DISCUSSING one of the core principles of the Baha’i Faith – that men and women are equals in the eyes of God – Isle of Skye resident Pat McNicol takes to the An Lanntair stage next weekend.
Pat’s talk continues the successful monthly lecture series presented this year by the Lewis Baha’i Faith community in celebration of the centenary of the visit to Scotland of Abdu’l-Baha, the eldest son of Baha’u’llah, Founder of the Baha’i Faith.
“The Baha’i message brought to Scotland was one of unity, proclaiming that all the people of the world belonged to one human family and were the children of God and promised that universal peace would ultimately prevail in the world,” Pat explains.
“One of the essential prerequisites to peace and justice in the world, according to Baha’i scripture is the realisation of the equality of the sexes.”
Exploring this now well-familiar concept, Pat’s presentation will touch upon some of the areas associated with the advancement of women in the last 100 years and consider the areas where equality is yet to be realised in a material sense.
“Primarily, I shall be looking at the concept of equality as it is presented in the Baha’i Writings, where it is clearly and unequivocally presented as a spiritual truth,” continues Pat.
Questioning what has prevented this from becoming reality in the past and, in certain areas of life, to the present day, Pat comments: “On the one hand, the inequality has been caused by the denial in the past of equal access to education, opportunities and privileges enjoyed exclusively by men, and on the other, it has been perpetuated by a deep-seated view of women as being inherently inferior to men and the stereotypical attitude of societal roles with regard to both men and women.”
The Baha’i Faith describes that such issues need to be addressed before true equality can be realised. Expanding, Pat continues: “The Baha’i stance takes the concept of equality a step further by stating that until men acquire those qualities of loving kindness, compassion and tenderness of heart traditionally viewed as essentially ‘feminine’ qualities they also will not achieve their full potential.”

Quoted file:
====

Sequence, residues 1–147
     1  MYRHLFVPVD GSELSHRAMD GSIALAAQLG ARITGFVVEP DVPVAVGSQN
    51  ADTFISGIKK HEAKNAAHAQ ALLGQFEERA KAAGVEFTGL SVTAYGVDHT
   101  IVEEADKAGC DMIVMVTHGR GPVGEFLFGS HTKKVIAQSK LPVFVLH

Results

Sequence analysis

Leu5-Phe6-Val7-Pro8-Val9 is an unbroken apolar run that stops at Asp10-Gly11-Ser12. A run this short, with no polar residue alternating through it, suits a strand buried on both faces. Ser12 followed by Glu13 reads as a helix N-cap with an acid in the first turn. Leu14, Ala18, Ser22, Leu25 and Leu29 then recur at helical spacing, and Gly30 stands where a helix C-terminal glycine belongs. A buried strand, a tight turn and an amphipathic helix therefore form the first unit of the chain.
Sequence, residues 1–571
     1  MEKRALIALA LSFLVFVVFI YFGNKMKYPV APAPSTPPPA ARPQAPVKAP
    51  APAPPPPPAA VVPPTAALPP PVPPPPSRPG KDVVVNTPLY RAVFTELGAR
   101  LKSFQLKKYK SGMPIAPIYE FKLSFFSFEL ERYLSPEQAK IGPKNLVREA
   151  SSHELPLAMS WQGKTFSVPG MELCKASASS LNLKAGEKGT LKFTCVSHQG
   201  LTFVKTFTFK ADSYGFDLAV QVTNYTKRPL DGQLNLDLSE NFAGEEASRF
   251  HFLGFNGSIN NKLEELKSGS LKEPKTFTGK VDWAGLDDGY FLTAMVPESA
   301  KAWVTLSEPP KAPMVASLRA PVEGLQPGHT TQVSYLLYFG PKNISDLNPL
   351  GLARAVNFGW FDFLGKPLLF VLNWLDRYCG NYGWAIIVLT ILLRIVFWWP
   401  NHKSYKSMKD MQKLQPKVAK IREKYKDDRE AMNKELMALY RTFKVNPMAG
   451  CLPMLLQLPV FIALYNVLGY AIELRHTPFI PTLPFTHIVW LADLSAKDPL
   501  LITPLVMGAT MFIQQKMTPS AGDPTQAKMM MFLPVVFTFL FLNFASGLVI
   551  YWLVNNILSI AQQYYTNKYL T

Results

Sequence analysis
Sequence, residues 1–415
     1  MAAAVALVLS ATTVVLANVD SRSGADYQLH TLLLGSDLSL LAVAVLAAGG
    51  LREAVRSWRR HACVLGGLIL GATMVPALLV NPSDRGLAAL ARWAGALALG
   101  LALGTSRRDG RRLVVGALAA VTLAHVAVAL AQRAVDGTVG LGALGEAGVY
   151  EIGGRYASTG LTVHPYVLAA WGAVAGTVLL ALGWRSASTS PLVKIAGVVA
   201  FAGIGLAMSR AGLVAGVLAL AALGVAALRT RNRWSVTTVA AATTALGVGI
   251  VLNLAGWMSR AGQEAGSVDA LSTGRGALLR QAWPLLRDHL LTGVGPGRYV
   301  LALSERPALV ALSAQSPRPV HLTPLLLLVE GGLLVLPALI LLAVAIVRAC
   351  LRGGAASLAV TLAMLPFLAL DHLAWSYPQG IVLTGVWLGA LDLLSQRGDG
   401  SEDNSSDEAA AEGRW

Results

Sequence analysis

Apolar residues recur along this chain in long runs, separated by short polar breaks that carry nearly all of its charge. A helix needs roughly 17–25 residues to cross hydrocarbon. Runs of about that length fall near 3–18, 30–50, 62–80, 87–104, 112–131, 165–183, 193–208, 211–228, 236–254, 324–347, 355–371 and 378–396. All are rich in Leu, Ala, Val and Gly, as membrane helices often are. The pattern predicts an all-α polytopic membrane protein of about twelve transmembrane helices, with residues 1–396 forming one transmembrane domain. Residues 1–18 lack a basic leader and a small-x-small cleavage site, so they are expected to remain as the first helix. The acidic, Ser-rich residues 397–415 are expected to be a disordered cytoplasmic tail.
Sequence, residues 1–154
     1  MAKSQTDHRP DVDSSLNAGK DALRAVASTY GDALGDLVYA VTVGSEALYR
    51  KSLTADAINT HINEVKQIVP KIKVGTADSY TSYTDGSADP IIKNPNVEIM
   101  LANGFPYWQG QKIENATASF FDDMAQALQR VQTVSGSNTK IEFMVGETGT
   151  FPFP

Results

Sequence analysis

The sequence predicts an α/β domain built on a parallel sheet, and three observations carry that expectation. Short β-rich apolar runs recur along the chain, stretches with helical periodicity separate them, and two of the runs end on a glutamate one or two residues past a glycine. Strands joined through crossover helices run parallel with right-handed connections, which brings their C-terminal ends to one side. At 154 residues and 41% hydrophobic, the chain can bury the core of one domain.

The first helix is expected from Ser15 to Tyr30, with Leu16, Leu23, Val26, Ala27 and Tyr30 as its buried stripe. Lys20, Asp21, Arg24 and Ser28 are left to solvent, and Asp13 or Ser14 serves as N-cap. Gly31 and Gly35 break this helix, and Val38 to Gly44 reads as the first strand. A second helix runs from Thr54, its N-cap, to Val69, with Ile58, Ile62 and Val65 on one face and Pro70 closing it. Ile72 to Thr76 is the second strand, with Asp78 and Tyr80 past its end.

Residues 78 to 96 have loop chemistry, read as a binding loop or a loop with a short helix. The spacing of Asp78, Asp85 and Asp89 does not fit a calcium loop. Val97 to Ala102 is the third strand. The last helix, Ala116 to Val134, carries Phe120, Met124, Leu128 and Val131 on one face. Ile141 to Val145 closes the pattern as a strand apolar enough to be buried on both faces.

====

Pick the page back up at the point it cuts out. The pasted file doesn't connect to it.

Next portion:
Born in Perth, Pat moved to Skye in 1981 to start up a craft retail and sub post office business – as equal partners – with her husband.
However, in 2004 she decided on a change of direction, working for the next five years for a project which helped unemployed parents build skills and confidence to enter education, training and employment.
“Helping individuals to achieve their true potential is something which has always been close to my heart and is a sentiment which lies at the core of this presentation on gender equality,” Pat says.
“What is truly remarkable is that the concept of equality of the sexes – so familiar to us nowadays – was first expounded by the Founder of the Baha’i Faith 150 years ago at a time and place where it was seen as both radical and revolutionary in the extreme.
“We may have a long way to go yet in achieving gender equality across the world but there’s no denying that much has already been achieved since the Revelation of Baha’u’llah,” she adds. “And as more people acquire a truer and deeper understanding of the spiritual nature of this concept, we hope to see the rate of change speeding up!”
Pat McNicol’s talk ‘Equality of Men and Women’ takes place at An Lanntair arts centre, Stornoway, on Saturday, October 27th, 7-9pm.